Over the last 27 years half of the Reef's coral has been lost due to storm damage, crown of thorns starfish (which are flourishing due to farm chemical runoff) and coral bleaching. To make matters worse, coal miners now want to build the biggest coal mines in the world in the Reef's catchment and ship the coal out through the Reef's narrow channels.
This presents a dangerous double threat for the Reef. Firstly, to make way for the ports, major shipping channels needs to be dug out of the sea floor. Effectively tens of millions of tonnes of seabed – tens of millions of tonnes of turtle, dolphin and dugong habitat will be destroyed. Then these same tens of millions of tonnes will be dumped further out to sea, and closer and closer to the Reef. Re-suspension of this enormous amount of dumped material will occur during rough weather and float into Reefs for years to come.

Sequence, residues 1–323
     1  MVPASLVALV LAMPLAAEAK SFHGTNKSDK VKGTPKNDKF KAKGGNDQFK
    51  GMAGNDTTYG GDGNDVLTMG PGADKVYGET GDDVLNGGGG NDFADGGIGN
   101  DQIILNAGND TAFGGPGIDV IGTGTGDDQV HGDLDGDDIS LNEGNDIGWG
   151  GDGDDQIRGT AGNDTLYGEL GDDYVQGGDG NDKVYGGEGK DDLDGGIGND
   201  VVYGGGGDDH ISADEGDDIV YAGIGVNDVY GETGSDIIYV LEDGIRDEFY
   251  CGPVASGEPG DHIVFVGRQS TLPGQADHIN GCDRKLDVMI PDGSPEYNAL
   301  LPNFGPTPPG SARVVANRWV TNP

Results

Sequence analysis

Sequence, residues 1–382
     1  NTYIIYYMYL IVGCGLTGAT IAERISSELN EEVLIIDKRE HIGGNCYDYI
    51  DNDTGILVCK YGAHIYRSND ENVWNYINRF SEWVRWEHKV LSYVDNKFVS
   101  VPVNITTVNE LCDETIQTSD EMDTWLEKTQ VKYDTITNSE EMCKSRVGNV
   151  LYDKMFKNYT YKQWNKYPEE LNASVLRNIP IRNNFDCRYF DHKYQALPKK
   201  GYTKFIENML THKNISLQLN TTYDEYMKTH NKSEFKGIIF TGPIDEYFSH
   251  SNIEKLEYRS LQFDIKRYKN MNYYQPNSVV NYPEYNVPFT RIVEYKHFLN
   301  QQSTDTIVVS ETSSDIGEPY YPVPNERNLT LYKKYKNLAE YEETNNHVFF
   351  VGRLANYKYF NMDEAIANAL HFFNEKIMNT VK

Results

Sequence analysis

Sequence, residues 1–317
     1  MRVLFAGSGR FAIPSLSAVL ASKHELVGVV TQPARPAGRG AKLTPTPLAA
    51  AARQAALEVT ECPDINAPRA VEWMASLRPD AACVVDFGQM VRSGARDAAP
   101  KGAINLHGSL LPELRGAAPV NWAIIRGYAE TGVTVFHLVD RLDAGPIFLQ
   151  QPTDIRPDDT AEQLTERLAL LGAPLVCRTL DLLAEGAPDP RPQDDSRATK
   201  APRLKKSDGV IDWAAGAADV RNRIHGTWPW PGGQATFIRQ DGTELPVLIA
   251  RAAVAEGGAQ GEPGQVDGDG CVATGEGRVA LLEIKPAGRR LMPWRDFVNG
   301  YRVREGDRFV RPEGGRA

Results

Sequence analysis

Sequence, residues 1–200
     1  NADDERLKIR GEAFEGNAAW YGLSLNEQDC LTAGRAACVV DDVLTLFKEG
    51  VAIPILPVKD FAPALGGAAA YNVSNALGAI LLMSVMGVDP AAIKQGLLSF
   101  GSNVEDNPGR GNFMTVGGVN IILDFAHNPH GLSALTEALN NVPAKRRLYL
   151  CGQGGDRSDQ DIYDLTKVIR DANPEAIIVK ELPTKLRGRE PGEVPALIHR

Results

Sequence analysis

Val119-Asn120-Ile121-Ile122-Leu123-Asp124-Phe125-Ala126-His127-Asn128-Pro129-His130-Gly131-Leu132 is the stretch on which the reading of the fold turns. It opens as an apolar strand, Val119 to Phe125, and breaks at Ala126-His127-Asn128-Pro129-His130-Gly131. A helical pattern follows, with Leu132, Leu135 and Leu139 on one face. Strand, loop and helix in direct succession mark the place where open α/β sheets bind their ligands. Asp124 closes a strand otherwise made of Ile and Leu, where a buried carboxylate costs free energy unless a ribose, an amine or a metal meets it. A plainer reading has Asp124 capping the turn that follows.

The coastal islands, seagrass, estuaries and river mouths like Gladstone are nurseries of many of the Reef’s most loved fish, as well as the core habitat of turtles dugongs and dolphins. Dredging, dumping and plying those waters with thousands of coal tankers with huge propellers just isn’t appropriate.
New research shows that dredging to make way for coal and CSG exports in the Gladstone region of the Great Barrier Reef World Heritage area is likely to have already caused a major outbreak of diseases in turtles, dolphins and dugongs as well as seriously depleting local fisheries. Secondly, if these projects go ahead, the massive expansion of Australian coal would be the second largest new source of carbon emissions in the world according to a new study by Greenpeace International. As the climate warms, the Reef will face greater loss to storm damage and coral bleaching and would face permanent loss.
 The 27–year decline of coral cover on the Great Barrier Reef and its causes. Australian Institute of Marine Science (AIMS), October 2012.
 Investigation of the causes of aquatic animal health problems in the Gladstone harbour and near-shore waters. Dr Matt Landos, Gladstone Fishing Research Fund, January 2013.
 Point of No Return. Ecofys, Greenpeace International. January 2013.